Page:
Mr. Bonan, like many other regional leaders, also voiced discontent at the RWE boss’ management style. “The way the board communicated this decision is unacceptable,” he said.
Mr. Terium cannot risk a fallout with local mayors, not least because the new business, like the parent company, relies on a good relationship with local authorities, meaning the boss has no choice but to ramp up his charm offensive.
And local politicians’ hackles are raised, regardless of whether they hail from the ruling coalition parties Social Democrats or Chancellor Angela Merkel’s Christian Democratic Union.
At two regional meetings, municipal shareholders mulled over the shock sparked by the dividend decision. Around 50 people gathered in the small village of Baar, and shortly after a similar number congregated in Essen, where the energy giant is headquartered. Numerous sources present at these gatherings reported that regional mayors and governments agreed that they needed to send a strong message back to Mr. Terium.
However, at the end of the day any move would be symbolic: The shareholders do not have the power to reverse the scrapping of the dividend, despite their sway over the company.
And in the supervisory board, the four municipal representatives finally conceded their agreement, meaning that the debate on the future of Mr. Terium has dug a deep rift between leading shareholders and management. Moreover, the dispute is unlikely to dissipate fast, and will cast a long shadow over the renewable energy subsidiary’s public listing plan and drag on RWE’s recovery.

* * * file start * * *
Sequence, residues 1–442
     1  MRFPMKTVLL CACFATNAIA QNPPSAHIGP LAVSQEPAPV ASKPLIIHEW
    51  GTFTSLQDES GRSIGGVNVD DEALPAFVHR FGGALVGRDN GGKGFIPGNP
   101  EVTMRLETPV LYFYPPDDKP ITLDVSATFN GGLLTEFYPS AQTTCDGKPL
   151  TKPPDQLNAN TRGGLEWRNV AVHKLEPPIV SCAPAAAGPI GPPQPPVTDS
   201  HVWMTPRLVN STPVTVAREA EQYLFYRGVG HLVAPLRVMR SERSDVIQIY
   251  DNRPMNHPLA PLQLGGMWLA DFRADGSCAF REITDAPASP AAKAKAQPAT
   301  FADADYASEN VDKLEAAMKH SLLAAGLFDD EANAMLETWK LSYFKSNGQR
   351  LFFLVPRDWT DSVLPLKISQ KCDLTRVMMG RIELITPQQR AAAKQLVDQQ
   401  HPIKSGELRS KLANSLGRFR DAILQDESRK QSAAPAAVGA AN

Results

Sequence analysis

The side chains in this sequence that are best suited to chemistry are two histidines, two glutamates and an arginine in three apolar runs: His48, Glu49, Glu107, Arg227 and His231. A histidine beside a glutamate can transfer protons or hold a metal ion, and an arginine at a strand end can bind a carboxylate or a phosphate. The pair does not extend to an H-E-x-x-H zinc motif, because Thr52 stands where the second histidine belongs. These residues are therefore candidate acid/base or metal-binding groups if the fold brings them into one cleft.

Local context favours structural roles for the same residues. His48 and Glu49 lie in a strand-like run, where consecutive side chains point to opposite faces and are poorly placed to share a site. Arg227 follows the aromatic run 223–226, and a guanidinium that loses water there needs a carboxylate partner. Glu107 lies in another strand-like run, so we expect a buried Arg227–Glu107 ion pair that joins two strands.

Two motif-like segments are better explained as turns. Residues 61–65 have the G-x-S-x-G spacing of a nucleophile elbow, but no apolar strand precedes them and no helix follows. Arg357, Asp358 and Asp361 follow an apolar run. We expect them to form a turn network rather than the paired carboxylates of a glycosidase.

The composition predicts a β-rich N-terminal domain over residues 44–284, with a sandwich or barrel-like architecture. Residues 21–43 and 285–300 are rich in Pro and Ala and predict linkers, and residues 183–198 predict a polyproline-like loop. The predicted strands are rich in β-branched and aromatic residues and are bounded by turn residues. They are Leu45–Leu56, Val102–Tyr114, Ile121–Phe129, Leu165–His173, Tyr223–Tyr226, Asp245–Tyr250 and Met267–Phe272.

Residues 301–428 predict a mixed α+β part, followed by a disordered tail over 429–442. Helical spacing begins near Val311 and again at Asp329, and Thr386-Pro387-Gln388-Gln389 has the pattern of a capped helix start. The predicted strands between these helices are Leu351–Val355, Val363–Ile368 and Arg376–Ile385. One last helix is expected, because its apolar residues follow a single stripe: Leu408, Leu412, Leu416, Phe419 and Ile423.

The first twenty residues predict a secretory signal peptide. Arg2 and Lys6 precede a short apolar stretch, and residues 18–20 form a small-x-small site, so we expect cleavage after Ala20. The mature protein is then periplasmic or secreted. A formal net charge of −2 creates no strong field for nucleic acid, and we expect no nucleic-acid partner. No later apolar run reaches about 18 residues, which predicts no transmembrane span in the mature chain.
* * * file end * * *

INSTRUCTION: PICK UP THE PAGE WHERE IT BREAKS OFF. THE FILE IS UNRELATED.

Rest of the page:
And the anger among the regional representatives is understandable: They were banking on a dividend cut from €1.00 to €0.80, or to €0.50 at the most, leaving them shocked to the core when the news broke. The municipalities offered a compromise of a smaller cut, but this was turned down, one influential shareholder revealed.
And now they are left to fix gaping holes in their budgets. Essen has raised taxes to help plug a budget which is down €19 million compared to a year earlier.
Resentment against Mr. Terium has been building up over a number of years also from within the board, including from the soon-to-leave supervisory board chairman Manfred Schneider and now from Schneider’s planned successor Werner Brandt.
Overall it is clear that RWE’s boss can’t afford conflict right now. Earnings from RWE’s core business, conventional electricity production, are sinking at record speed. As the German market is being pumped full of green energy, the big coal and gas power stations are hardly competitive any more. In the not too distant future, RWE’s conventional electricity production will likely produce losses.
Simultaneously, the nuclear phase-out adds to the group’s woes. In Berlin the nuclear commission, appointed by the federal government, is negotiating how to secure the funds needed for the nuclear clean up from ailing utilities, adding to their financial pressures.
Rolf Martin Schmitz, who will lead RWE after its “green” unit is spun off, will inherit a company under threat. On the stock market, RWE is now worth less than €7 billion. Since the nuclear disaster at Fukushima, the price of RWE shares crashed by almost 75 percent to just over €11 a piece. By contrast, in early 2008, the stock had broken through the €100 mark and the company’s market value was €56 billion. RWE shareholders have had to sit back and watch the value of their stock plummet.